UNITED NATIONS — With his administration and U.S. allies unable to dissuade Palestinian President Mahmoud Abbas from pursuing membership at the United Nations, President Barack Obama will make a case Wednesday for reviving the moribund Israeli-Palestinian peace talks.
Obama — whose White House late Tuesday announced a meeting with Abbas on Wednesday — is expected to include in his remarks to world leaders before the U.N. General Assembly a reiteration of U.S. policy: that for the decades-old conflict to be resolved, Palestinians and Israelis need to negotiate.
"Peace is going to have to be made between the parties," Deputy National Security Adviser Ben Rhodes said Tuesday, offering a preview of Obama's remarks. "It's going to have to be the Israelis and the Palestinians sitting down, dealing with the very hard issues that have divided them. There's no shortcut to peace."
Speaking to the same gathering a year ago, Obama suggested it was possible that both sides could reach agreement. But peace talks stalled nearly a year ago, and the Palestinians say they have no choice but to pursue recognition at the U.N.
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Israel is vehemently opposed to that, saying U.N. recognition will poison any peace talks. Obama is scheduled to meet Wednesday with Israeli Prime Minister Benjamin Netanyahu after delivering his remarks, and the White House announced late Tuesday that the president will meet with Abbas at 6 p.m. Wednesday.
"We are focused on what can we do to solve the problem and that's to create a basis for negotiations going forward," Rhodes said.
Obama is scheduled to leave New York Wednesday night and return to domestic politics Thursday with a stop in Ohio to press for public support of his jobs bill.
His remarks come as a new poll shows more Americans favor, rather than oppose, the U.S. recognizing Palestine as an independent state, though nearly a third — 32 percent — have no opinion. The poll found 42 percent of those surveyed favor an independent Palestine, while 26 percent oppose.
But the survey by the Pew Research Center for the People and the Press and the Washington Post found the public's sympathies in the dispute remain more with Israel than with the Palestinians: 40 percent say they sympathize more with Israel, while just 10 percent side with the Palestinians. A quarter expressed no opinion and 21 percent said they sympathized with neither side.
Abbas has said he'll present a letter to U.N. Secretary-General Ban Ki-moon on Friday — which Ban will pass to the Security Council — requesting full U.N. membership for an independent state of Palestine.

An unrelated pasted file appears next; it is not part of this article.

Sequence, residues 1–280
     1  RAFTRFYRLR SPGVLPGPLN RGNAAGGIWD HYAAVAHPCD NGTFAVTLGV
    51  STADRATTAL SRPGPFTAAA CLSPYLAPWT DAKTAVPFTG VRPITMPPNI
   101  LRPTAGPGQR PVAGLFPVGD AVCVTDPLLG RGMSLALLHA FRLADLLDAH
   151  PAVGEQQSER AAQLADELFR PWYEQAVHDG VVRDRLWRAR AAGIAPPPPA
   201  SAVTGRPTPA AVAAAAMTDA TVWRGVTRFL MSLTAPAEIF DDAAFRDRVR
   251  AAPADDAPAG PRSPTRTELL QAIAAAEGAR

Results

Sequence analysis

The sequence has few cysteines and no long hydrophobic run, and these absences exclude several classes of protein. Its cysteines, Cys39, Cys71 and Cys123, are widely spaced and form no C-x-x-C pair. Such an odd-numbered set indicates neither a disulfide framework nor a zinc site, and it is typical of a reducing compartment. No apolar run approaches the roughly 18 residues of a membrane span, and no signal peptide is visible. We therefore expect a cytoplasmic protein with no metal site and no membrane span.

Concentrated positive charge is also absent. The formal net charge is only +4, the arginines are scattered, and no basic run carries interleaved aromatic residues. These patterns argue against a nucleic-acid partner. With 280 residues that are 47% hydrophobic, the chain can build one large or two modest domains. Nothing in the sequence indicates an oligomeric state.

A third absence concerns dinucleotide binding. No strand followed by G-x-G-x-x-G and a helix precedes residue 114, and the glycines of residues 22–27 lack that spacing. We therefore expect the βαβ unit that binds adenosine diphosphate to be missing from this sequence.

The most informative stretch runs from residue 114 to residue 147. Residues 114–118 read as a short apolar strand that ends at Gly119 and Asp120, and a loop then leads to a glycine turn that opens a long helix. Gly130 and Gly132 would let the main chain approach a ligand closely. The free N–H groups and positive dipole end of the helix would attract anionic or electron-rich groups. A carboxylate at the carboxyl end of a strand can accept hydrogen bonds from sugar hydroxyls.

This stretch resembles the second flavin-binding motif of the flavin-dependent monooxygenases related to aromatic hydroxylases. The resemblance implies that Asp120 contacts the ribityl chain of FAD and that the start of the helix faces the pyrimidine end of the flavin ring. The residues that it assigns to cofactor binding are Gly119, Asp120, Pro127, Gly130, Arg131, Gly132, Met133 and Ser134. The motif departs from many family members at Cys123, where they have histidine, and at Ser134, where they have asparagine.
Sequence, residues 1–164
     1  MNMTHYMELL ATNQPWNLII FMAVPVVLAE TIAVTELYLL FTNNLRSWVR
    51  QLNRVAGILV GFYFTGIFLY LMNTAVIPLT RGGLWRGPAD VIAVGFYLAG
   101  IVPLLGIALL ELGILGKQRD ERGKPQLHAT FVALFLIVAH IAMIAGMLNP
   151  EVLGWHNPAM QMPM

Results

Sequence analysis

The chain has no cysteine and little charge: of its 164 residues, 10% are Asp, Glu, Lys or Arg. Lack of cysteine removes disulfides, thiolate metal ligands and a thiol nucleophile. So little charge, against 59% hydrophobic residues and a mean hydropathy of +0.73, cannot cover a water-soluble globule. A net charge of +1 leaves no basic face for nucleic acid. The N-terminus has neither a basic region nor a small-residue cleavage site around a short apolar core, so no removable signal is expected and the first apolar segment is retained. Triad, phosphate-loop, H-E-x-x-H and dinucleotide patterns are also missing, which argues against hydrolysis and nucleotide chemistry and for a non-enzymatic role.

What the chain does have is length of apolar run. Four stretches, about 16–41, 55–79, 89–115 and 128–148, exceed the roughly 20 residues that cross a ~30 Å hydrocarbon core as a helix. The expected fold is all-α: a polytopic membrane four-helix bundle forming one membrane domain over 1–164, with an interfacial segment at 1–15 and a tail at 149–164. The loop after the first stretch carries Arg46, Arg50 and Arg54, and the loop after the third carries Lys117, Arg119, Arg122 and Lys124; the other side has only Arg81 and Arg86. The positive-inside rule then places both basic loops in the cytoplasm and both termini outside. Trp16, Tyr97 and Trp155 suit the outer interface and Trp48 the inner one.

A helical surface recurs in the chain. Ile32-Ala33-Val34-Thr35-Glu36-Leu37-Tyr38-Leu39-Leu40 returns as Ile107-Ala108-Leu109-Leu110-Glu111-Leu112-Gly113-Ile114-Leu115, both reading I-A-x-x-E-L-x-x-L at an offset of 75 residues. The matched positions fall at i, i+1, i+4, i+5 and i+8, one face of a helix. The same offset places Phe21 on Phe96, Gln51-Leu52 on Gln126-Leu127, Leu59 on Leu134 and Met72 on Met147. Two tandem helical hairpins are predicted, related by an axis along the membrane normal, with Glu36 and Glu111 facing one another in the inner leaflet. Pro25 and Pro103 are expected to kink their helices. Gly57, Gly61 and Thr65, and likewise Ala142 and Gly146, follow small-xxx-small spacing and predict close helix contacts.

Obama has vowed to block the request using the veto that the United States wields as one of five permanent Security Council members.
The standoff between the two longstanding antagonists carries considerable political risk for Obama. By wielding the U.S. veto, he sides with Israel — and its politically potent supporters in the U.S. But the veto threatens to further erode U.S. standing with some of its allies in the Middle East, where popular uprisings — like the one in Libya — have in some cases resulted in anti-Israeli and anti-American sentiments.
Obama dispatched envoys to the region in hopes of securing a solution that has proved elusive.
He spent nearly two hours Tuesday afternoon with Recep Tayyip Erdogan, the prime minister of Turkey, a key U.S. ally that has had frayed diplomatic relations with Israel. Aides described the meeting as "very productive" and said Obama "underscored the importance of calming tensions in the region." He also shared with Erdogan the U.S. position that Palestinian action at the United Nations wouldn't lead to a Palestinian state.
Republicans sought to blame the administration for the Israeli-Palestinian showdown, with GOP presidential hopeful Rick Perry swooping into New York for a press conference, where the Texas governor said a White House "policy of appeasement" had encouraged the Palestinians to act.
Rhodes rejected that characterization, saying the administration has been steadfast in its support for Israel.
Obama's remarks won't be solely about the conflict, Rhodes said. He'll also talk about winding down the wars in Iraq and Afghanistan, efforts to contain al Qaida and the transformation of governments in countries such as Libya and South Sudan.
On the eve of his speech, Obama celebrated what the administration portrayed as one foreign policy success story in the making: the ousting of Libyan dictator Moammar Gadhafi. But even as he said that Libyans had cast off "four decades of darkness," he noted that peril still exists and met privately with the chairman of the Libyan National Transitional Council, Mustafa Abdul-Jalil. The meeting came as the council has failed to name a new cabinet, and Obama pressed for progress.
"We all know what is needed," Obama said. "A transition that is timely. New laws and a constitution that uphold the rule of law. Political parties and a strong civil society."
Abdul-Jalil, who spoke before Obama at a high-level meeting of countries welcoming the new Libyan government to the United Nations, pledged that the council would "work toward a spirit of forgiveness" toward suspected Gadhafi loyalists and pledged support for democracy and human rights.
"Libya reassures everyone that it will be a vibrant state that upholds peace and security in the region," he said.
Obama said the U.S. ambassador will return this week to the Libyan capital of Tripoli, and he celebrated Libya as a success for the U.S. and the oft-maligned United Nations, saying the international community has not always made the right call, but "this time was different. This time, we found the courage and the collective will to act."
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